If you were following along last week, then you already know what to look for in the week ahead.
After the hawkish procession in Sintra, Portugal, which catalyzed an impressive euro rally and led directly to sharply higher DM rates, it’s now all about how markets attempt to price the beginning of the end for accommodative monetary policy.
Everyone will be on “tantrum” watch, especially after last Tuesday’s move in bunds which, you’re reminded, was a four-standard deviation event on par with the bund tantrum of 2015. As Barclays notes, “central bankers [are] increasingly singing in harmony”:
It is of course a holiday-shortened week in the US, where Americans will celebrate Independence Day by watching looped gifs of Donald Trump participating in WWE melees while drinking domestic beer that tastes suspiciously like chilled urine.
Or, if you’re a Fed official, you might smoke a 11lb bone-in rib roast for 4 hours. It’ll be “so good.”
Sunday fun. 11lb bone-in rib roast. Smoked for 4 hours. So good. pic.twitter.com/hTYLkT7Q2g
— Neel Kashkari (@neelkashkari) July 2, 2017
The main econ event will be the jobs report which Yellen will parse for anything that can be trotted out to support the contention that hiking rates isn’t a mistake (it’s the whole “overheating” labor market vs. subpar inflation debate). As always, watch the AHE print. We’ll also get the Fed Minutes. Do keep in mind that this all might be a charade. That is, the Fed may simply be hiking based almost solely on an unspoken “third” mandate – that of tightening financial conditions to keep risk assets from getting even further out of control.
Below, find Barclays “Thoughts For The Week Ahead” followed by a calendar from BofAML…
Asset allocation shifts in response to central banks’ indication of stimulus withdrawal are likely to drive near-term FX and rates volatility, particularly in European and developed markets. European markets were surprised by ECB President Draghi’s hawkish tilt, given that the recent moderation in euro-area PMI momentum, benign inflation and the marginal change to ECB guidance in the June statement have led to expectations of slow policy normalization. In the UK, debate about the need for a rate hike has intensified, but the GBP and rate hike expectations surged after BoE governor Carney and Chief Economist Haldane weighed in on the discussion of “withdrawal of policy insurance”.
The EUR rally could face roadblocks, while politics may weigh on GBP’s choppy longterm uptrend. Our base case remains for EURUSD to range trade as the ECB is likely committed to a slow pace of policy normalization and as political uncertainty is likely to return early next year. We believe that the ECB, with a still significant output gap and the benefit of having seen how the inflation story has played out thus far in the US, will likely err on the side of caution and take a gradual approach to stimulus removal. We would not be surprised to see attempts to dampen reactions in the EUR and European rates (eg, “Markets whipsaw after ECB recalibrates message on QE”, Financial Times, 29 June 2017), although Draghi’s speech could have been intended to create room for manoeuvre and to avoid larger market shocks in the future should a faster-than-expected removal of policy accommodation be necessary. For the GBP, we have argued that the currency should trade stronger over the long run than it has since the referendum of June 2016, although new uncertainties associated with Brexit negotiations and domestic politics has led us to moderate our expected pace of climb.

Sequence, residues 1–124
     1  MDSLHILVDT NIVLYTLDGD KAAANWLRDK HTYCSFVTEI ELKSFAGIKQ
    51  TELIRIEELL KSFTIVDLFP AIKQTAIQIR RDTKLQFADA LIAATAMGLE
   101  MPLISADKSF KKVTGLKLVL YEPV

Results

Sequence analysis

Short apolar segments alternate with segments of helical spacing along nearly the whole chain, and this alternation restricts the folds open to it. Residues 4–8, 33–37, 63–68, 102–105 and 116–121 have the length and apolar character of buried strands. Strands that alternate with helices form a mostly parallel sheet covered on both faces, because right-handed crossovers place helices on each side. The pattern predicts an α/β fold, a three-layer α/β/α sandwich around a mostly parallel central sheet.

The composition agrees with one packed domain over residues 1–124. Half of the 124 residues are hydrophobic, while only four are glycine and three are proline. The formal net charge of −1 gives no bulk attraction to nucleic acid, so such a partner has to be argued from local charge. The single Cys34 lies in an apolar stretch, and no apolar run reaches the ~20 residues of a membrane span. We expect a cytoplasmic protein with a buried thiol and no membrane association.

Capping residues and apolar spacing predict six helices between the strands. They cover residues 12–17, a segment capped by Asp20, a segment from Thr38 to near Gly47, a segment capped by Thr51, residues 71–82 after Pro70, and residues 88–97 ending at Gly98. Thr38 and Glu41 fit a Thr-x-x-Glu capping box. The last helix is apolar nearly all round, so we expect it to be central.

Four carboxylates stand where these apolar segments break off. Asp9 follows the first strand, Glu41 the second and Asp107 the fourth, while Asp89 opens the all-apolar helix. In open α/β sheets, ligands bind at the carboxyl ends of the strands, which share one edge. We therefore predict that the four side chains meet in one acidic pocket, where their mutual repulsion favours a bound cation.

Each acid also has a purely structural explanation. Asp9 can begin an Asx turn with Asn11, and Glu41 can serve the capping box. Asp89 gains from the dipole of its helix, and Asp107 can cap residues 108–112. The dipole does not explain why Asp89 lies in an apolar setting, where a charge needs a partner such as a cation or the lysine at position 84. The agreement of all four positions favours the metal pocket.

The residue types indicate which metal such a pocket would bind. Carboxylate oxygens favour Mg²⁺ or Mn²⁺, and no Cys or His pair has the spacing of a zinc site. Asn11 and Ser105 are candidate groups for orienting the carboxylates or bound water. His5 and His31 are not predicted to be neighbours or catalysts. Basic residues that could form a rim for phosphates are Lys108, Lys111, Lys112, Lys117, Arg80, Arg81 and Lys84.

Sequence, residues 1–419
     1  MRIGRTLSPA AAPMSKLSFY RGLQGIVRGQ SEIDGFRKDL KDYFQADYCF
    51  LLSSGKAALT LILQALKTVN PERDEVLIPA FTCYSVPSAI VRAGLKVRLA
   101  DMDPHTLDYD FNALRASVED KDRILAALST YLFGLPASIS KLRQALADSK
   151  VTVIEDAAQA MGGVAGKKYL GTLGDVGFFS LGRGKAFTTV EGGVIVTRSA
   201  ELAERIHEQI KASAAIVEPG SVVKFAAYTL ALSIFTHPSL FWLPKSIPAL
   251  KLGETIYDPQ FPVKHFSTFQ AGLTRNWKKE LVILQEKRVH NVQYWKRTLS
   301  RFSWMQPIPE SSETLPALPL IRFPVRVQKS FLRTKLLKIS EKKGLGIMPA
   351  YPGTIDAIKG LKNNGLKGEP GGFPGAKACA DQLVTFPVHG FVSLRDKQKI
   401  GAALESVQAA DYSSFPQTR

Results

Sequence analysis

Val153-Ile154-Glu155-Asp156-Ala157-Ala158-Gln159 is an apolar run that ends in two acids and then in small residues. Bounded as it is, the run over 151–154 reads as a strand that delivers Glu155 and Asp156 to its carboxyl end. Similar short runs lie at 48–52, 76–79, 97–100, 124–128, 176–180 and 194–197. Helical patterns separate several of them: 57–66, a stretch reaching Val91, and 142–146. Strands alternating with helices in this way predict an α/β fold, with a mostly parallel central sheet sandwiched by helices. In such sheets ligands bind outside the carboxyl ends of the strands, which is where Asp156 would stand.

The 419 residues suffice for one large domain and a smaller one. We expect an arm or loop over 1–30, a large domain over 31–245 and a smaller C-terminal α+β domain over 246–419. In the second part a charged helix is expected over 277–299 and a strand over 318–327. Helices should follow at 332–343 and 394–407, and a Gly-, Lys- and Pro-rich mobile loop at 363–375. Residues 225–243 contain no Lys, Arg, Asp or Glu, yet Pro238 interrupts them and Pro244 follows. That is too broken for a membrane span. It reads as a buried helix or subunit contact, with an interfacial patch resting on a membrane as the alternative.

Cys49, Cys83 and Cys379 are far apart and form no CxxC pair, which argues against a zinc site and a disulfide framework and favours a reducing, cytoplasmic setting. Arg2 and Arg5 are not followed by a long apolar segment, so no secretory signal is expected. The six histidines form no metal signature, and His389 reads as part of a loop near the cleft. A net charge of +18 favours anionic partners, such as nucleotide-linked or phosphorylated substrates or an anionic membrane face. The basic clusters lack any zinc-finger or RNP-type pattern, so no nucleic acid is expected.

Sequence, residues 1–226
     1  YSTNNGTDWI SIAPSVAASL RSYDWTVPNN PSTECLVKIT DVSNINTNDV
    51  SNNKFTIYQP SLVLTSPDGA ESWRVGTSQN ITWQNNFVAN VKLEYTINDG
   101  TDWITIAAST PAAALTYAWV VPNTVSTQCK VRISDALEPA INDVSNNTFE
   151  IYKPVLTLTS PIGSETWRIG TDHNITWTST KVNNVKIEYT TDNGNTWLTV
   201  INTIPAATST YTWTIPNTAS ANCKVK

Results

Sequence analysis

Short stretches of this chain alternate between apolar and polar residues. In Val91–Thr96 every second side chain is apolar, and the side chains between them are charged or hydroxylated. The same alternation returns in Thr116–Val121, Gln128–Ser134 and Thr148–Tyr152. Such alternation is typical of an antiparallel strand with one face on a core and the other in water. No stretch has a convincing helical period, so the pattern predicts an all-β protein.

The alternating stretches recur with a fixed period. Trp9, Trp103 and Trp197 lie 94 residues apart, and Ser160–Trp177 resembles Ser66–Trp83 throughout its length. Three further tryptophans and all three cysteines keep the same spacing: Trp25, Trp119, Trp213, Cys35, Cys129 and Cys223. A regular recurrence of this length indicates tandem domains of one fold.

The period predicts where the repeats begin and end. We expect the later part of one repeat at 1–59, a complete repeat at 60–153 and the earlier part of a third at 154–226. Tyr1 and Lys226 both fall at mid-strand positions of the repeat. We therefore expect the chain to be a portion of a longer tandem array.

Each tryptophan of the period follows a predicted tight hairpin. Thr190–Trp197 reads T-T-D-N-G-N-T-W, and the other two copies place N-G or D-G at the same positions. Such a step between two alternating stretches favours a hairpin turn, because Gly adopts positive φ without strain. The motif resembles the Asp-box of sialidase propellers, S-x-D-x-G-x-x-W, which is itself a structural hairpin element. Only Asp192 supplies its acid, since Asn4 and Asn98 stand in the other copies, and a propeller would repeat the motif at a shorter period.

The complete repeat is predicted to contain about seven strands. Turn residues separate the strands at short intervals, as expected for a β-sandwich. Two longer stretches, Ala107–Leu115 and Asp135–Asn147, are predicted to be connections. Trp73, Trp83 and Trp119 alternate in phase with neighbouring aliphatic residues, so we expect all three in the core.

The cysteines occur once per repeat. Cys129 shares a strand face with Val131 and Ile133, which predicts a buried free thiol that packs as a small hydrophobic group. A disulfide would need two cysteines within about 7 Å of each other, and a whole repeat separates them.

Activity and inflation releases this week will provide more inputs for central bank policy deliberations, potentially adding to market volatility. In particular, we highlight that the inflation outlook for enterprises in the upcoming June BoJ Tankan survey is especially important since it will factor into the BoJ’s inflation forecasts. Japanese household inflation expectations have recovered lately and, whether this recovery in inflation expectations extends to the corporate sector will be a key focus. JPY rates have been comparatively stable versus other DM amid the recent rise in market volatility, with the BoJ considered to be left out of the hawkish-shifting camp, leaving the JPY FX weaker led by cross-yen. However, a stronger recovery in corporate inflation expectations could potentially add to market concern about DM policy normalization.
US releases this week (non-farm payrolls, ISM reports, Fed minutes) are unlikely to significantly alter market expectations on the Fed and to drive swings in the USD, given that FOMC officials have broadly set the expectations for one more hike and a passive runoff of the Fed’s balance sheet. We believe the advantage of the USD from a returns-to-capital perspective has been eroded by stronger growth trends in the rest of the world.
The growing debate about stimulus withdrawal in the euro area, UK and Canada and the appreciation of their currencies reflect this relative change in growth trends. At the same time, political developments have weighed further on the USD. The delay to healthcare reform adds to the risk of the US Congress failing to pass tax reforms. Without a boost to growth potential from a comprehensive fiscal reform package, we see the current multi-year USD rally as close to an end. The RBA, Riksbank, NBP and BoT are widely expected to keep policy unchanged, although the Riksbank could signal policy fine-tuning, providing support for the SEK. Meanwhile, G20 heads of state will convene in Hamburg, Germany over 7-8 July for the G20 Summit.